Most organizations and leaders have succumbed to the sunk cost fallacy — sticking with a project or team member based on the time and money already invested, even though there is no sign of a turnaround. Being aware of this phenomenon is the first step in making sure ego does not trump rational decision-making.
Many business leaders are unacquainted with the wealth of knowledge about how software projects behave. No surprise, they are unable to explain why these projects fail repeatedly, much less do something about it. Here are five fundamental “laws” of software development that all executives (and teams) should understand and follow.
Project costs receive serious scrutiny from executives and stakeholders who use ROI and other financial metrics to judge organizational performance. Here is a checklist of questions to help project leaders and their teams determine the best available options for responding to project cost risks and issues that may arise.
A common human trait called “optimism bias” leads many project leaders to build unrealistic schedules and underestimate budgets. Buffers, retrospectives and peer reviews are some of the fundamental steps that can help you balance your optimism and produce better estimates.
How they affect the project can vary from company to company, project manager to project manager and project to project, but each of these seven factors — spanning budgets and resources to stakeholders and requirements — will have severe negative implications for the success of any project.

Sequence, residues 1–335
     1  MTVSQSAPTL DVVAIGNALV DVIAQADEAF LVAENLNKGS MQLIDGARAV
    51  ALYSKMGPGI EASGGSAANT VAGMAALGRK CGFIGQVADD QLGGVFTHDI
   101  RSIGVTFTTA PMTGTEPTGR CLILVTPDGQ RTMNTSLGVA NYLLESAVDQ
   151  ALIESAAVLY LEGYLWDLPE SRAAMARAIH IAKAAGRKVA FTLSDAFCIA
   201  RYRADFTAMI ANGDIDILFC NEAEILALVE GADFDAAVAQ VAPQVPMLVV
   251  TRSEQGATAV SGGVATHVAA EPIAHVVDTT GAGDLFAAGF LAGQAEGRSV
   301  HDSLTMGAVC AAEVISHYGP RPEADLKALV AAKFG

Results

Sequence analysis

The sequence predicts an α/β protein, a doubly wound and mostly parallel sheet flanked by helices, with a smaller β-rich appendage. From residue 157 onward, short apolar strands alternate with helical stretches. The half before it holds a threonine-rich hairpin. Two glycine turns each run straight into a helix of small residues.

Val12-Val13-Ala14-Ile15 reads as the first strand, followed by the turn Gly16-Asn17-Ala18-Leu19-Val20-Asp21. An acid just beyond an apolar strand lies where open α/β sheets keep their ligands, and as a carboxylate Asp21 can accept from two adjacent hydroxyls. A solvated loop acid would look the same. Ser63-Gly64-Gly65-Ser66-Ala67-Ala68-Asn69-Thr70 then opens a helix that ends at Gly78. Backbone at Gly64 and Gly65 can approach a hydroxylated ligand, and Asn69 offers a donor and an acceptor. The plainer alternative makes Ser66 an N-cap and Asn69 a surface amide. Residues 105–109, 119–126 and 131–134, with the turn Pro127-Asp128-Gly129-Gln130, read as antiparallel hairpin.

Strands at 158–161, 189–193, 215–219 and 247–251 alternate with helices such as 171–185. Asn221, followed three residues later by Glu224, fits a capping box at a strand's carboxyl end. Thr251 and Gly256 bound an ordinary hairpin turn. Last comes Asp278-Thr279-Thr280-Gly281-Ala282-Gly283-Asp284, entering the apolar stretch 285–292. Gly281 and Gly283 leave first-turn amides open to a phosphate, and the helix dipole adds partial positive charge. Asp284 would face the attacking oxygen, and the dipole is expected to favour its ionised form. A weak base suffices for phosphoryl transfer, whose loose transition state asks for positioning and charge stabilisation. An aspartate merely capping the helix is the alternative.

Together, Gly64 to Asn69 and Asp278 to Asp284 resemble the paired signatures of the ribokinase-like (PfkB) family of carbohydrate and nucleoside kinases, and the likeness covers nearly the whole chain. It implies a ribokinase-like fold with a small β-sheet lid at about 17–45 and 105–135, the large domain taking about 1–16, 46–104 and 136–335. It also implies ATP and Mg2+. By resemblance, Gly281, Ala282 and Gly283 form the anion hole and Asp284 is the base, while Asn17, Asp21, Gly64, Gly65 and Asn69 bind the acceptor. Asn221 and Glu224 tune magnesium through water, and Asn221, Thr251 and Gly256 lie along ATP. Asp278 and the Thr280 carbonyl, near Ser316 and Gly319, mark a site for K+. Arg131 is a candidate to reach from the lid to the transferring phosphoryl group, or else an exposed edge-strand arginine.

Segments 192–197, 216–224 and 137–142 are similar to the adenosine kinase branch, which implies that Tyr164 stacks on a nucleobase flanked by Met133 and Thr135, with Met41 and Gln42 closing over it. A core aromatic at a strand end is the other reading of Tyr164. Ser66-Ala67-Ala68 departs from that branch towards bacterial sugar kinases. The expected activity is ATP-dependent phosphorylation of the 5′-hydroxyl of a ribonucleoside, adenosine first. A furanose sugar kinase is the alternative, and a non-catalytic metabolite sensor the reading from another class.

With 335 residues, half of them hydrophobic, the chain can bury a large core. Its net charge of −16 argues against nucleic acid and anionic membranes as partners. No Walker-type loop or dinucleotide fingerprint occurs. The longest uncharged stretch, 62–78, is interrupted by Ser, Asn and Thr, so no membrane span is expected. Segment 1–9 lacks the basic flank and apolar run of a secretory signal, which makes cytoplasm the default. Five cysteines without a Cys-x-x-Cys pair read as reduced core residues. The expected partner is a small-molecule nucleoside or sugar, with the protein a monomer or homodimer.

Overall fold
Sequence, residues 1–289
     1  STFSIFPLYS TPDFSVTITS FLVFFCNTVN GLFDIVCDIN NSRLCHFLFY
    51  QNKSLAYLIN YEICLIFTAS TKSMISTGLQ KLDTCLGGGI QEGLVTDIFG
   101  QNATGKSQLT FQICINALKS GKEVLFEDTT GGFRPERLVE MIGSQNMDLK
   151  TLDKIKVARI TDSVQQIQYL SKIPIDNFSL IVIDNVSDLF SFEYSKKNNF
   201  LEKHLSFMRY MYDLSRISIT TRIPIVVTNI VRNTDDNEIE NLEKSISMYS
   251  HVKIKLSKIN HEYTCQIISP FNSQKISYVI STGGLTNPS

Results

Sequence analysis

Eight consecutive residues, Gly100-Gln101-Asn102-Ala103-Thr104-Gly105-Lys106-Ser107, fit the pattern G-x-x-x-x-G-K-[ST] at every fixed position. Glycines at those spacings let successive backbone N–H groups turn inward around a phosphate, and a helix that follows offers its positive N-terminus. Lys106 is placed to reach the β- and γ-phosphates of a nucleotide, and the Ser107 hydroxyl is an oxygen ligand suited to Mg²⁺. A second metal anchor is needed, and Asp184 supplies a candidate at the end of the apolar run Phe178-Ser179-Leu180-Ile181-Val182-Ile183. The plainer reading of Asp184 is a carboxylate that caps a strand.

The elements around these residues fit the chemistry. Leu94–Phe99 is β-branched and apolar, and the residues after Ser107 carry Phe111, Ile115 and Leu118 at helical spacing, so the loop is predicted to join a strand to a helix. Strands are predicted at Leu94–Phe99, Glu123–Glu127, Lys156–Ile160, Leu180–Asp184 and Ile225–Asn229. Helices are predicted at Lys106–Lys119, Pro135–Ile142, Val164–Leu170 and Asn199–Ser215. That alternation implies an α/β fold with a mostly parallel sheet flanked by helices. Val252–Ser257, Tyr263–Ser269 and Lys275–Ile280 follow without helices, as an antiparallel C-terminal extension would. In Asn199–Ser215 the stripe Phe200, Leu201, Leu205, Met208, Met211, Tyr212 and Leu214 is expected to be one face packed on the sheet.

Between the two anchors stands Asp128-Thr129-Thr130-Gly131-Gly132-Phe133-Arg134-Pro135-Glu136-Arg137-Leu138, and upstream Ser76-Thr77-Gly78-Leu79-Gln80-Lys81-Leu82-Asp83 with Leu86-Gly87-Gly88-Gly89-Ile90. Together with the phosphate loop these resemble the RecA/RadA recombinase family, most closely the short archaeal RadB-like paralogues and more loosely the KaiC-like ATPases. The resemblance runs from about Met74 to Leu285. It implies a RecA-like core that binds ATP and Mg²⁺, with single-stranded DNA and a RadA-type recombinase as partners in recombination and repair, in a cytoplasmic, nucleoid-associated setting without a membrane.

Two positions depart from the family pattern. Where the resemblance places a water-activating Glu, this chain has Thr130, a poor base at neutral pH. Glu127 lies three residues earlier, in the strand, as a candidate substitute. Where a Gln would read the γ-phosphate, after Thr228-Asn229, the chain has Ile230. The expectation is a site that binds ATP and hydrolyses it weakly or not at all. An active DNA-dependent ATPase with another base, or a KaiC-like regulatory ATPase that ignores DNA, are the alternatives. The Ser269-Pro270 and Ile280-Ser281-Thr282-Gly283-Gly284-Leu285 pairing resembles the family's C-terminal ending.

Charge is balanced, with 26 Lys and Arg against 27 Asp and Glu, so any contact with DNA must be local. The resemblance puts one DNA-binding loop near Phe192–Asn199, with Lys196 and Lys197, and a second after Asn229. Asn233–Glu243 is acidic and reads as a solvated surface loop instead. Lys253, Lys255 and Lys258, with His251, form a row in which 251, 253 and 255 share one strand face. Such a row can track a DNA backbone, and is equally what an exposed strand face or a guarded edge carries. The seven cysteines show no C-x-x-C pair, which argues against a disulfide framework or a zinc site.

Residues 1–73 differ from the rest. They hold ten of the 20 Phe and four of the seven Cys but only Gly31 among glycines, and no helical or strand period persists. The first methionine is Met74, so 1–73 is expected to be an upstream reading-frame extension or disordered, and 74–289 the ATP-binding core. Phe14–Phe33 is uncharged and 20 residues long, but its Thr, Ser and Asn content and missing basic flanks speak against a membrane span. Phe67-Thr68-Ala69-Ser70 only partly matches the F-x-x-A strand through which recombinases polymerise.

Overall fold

An Agile approach to budgeting recognizes the need for frequent course correction by outcome owners who can respond to the business when they have autonomy. It favors accountability over expenditure tracking; it's using road intersections with roundabouts (cooperation) rather than traffic lights (compliance).
When organizations fail to achieve strategic goals, they often fail first to prioritize and align the necessary resources. In order to execute complex initiatives, leaders must continuously evaluate teams across a range of technical and relational skills, and then empower, support and invest in people who can get it done.
Estimates are far from perfect, but the business side is always going to want some sense of “how long, how much?” — even on Agile projects. Technical teams may have the most relevant knowledge to answer, but they don’t always have the willingness or tools. Here, Rex Madden of Stride NYC frames the issue and discusses options. [30 min.]
Value-driven projects differ from plan-driven projects in significant ways, including how teams are formed, how funding is obtained, how scope is determined and how solutions are achieved. They seek valuable rather than predictable results. Here’s a roadmap to making the switch.
Top agile organizations favor a product-centric model of execution over a project-centric model. They chase value instead of predictability. Let’s look at what’s wrong with plan-driven projects, and why it’s better to organize your efforts along business capabilities, supporting capability teams instead of project teams.